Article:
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The Institute on Religious Life is pleased to announce that it will host a regional conference in Southern California on the topic “Holy, Holy, Holy, Lord God of Hosts: The Sacred Liturgy and Consecrated Life.”
The event will take place on Saturday, January 28, 2012 at Sts. Peter and Paul parish in Wilmington, California. Speakers include Fr. Brian Mullady, O.P. and Rt. Rev. Eugene Hayes, O. Praem., abbot of St. Michael’s Abbey in Silverado, California.
As the Church embraces the revised edition of the Roman Missal, it is good to be reminded that “an indispensable means of effectively sustaining communion with Christ is assuredly the Sacred Liturgy” (Bl. John Paul II, Vita Consecrata, no. 95).
This year’s regional meeting will offer reflections on the vital importance of the Sacred Liturgy in the Church’s life and mission, with special emphasis on how Divine Worship relates to the consecrated life in the living out of the evangelical counsels and serving the needs of others.
Everyone—clergy, religious and laity—is welcome to attend this day of spiritual renewal, reflection and affirmation of the consecrated life.
For more information or to register, click here.
Irish Dominican Father Gerard Dunne was one of the 150 bloggers from around the world invited to the meeting of bloggers at the Vatican this week. Check out the complete list of bloggers in attendance here. Good to see that Whispers in the Loggia, Catholic Mom, and the American Papist, among others, were represented.
This conference is just one further indication that the Holy See is really trying to put the new means of social communication at the service of the new evangelization.
For more coverage of the event, click here.
The Pontifical Councils for Culture and Social Communications are organizing a gather of Catholic bloggers in Rome on Monday, May 2, 2011, the day after Pope John Paul II’s beatification.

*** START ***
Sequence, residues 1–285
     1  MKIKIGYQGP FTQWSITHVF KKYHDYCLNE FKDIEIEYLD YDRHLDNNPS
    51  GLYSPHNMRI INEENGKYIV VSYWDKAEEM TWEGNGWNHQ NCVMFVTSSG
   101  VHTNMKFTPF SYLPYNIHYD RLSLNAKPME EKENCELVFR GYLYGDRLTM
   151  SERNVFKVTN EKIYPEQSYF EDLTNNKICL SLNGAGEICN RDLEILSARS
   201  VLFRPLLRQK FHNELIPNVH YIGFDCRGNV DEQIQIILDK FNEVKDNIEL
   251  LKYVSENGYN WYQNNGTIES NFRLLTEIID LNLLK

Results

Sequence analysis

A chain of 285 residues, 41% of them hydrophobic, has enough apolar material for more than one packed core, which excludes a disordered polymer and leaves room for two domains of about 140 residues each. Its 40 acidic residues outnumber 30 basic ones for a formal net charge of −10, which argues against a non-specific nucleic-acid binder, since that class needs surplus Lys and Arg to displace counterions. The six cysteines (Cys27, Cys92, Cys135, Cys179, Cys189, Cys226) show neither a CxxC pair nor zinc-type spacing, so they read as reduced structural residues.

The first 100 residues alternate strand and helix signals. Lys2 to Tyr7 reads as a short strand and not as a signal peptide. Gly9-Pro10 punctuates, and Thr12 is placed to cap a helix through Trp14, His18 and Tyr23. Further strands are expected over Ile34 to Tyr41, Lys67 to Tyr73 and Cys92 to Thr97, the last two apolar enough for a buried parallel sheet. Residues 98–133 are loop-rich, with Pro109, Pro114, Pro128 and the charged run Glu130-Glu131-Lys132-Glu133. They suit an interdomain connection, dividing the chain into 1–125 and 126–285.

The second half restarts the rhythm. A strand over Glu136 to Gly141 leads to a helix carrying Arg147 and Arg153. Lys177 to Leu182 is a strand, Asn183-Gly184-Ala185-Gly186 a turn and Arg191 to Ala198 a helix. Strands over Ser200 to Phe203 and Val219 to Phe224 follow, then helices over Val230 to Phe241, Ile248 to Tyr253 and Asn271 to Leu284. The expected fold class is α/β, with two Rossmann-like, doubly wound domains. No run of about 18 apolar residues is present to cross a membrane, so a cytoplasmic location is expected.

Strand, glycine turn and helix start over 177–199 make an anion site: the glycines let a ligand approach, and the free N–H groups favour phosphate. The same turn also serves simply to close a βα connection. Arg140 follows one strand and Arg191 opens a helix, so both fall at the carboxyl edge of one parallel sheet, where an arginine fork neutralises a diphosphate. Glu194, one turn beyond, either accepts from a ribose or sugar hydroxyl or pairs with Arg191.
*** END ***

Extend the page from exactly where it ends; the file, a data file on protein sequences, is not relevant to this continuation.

The aim of the meeting is to allow for a dialogue between bloggers and Church representatives, to listen to the experiences of those who are actively involved in this arena, and to achieve a greater understanding of the needs of the blogging community. The meeting will also allow for a presentation of some Church initiatives to engage the new media technologies, both in Rome and at the local level.
The first panel of presenters will consist of five bloggers, representing five different language groups. Simultaneous translation will be provided in Italian, English, French, Polish and Spanish.
The second panel will draw on people involved in the Church’s communications outreach, such as Fr. Lombardi from the Vatican press office, who will speak of their experiences in working with new media and initiatives aimed at ensuring an effective engagement by the Church with bloggers.
The meeting is taking place on the day after the beatification of Pope John Paul II in order to take advantage of the presence in Rome of many bloggers. Those who wish to attend need to apply by email and send a link to their blog. As space is limited to 150 seats, those who are interested should apply now.
This upcoming conference serves to reinforce the importance of this year’s National Meeting of the Institute on Religious Life, which is devoted to the subject of utilizing the new media–including blogging!–for the new evangelization. The National Meeting will be held on April 29-May 1, 2011 at the University of St. Mary of the Lake in Mundelein, Illinois. For more information and/or to register for the event, click here.
Courtesy of Vatican Radio.
Let’s once again unite our prayers this month with those of Pope Benedict XVI. Here are the Holy Father’s intentions for April 2011, as published by the Apostleship of Prayer:
- Evangelizing the New Generations. That through its compelling preaching of the Gospel, the Church may give young people new reasons for life and hope.
- Missionary Expansion. That by proclamation of the Gospel and the witness of their lives, missionaries may bring Christ to those who do not yet know Him.
All of us have a role to play in the evangelistic, missionary activity of the Church, and a great way to start is by praying for these intentions each day.
Also, It just so happens that the national meeting of the Institute on Religious Life at the end of the month is focusing on the theme of using the new media for the new evangelization, as proclaiming Christ to a new generation is the perennial mission of the Church.
I hope you can join us for this fantastic conference. I’m especially interested in hearing the presentation by Tom Peterson, the founder of Catholics Come Home, one of the most dynamic “new evangelization” programs in the Church today.